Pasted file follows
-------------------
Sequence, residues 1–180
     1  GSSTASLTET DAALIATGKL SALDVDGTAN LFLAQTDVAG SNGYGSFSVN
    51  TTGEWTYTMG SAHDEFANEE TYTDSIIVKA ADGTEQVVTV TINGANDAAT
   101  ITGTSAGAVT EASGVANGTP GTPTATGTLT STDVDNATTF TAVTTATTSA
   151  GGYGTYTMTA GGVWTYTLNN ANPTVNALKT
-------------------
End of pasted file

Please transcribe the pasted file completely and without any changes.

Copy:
Sequence, residues 1–180
     1  GSSTASLTET DAALIATGKL SALDVDGTAN LFLAQTDVAG SNGYGSFSVN
    51  TTGEWTYTMG SAHDEFANEE TYTDSIIVKA ADGTEQVVTV TINGANDAAT
   101  ITGTSAGAVT EASGVANGTP GTPTATGTLT STDVDNATTF TAVTTATTSA
   151  GGYGTYTMTA GGVWTYTLNN ANPTVNALKT